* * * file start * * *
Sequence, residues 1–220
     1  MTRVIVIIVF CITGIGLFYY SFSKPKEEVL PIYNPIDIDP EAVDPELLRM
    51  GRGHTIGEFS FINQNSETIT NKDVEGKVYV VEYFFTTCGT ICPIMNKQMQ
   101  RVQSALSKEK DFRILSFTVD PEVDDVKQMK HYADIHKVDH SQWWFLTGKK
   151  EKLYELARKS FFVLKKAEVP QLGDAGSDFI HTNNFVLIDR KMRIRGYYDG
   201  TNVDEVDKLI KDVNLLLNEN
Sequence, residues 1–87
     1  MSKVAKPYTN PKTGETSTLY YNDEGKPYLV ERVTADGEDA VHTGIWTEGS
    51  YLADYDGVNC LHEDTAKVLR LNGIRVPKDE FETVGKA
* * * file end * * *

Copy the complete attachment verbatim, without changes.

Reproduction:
Sequence, residues 1–220
     1  MTRVIVIIVF CITGIGLFYY SFSKPKEEVL PIYNPIDIDP EAVDPELLRM
    51  GRGHTIGEFS FINQNSETIT NKDVEGKVYV VEYFFTTCGT ICPIMNKQMQ
   101  RVQSALSKEK DFRILSFTVD PEVDDVKQMK HYADIHKVDH SQWWFLTGKK
   151  EKLYELARKS FFVLKKAEVP QLGDAGSDFI HTNNFVLIDR KMRIRGYYDG
   201  TNVDEVDKLI KDVNLLLNEN
Sequence, residues 1–87
     1  MSKVAKPYTN PKTGETSTLY YNDEGKPYLV ERVTADGEDA VHTGIWTEGS
    51  YLADYDGVNC LHEDTAKVLR LNGIRVPKDE FETVGKA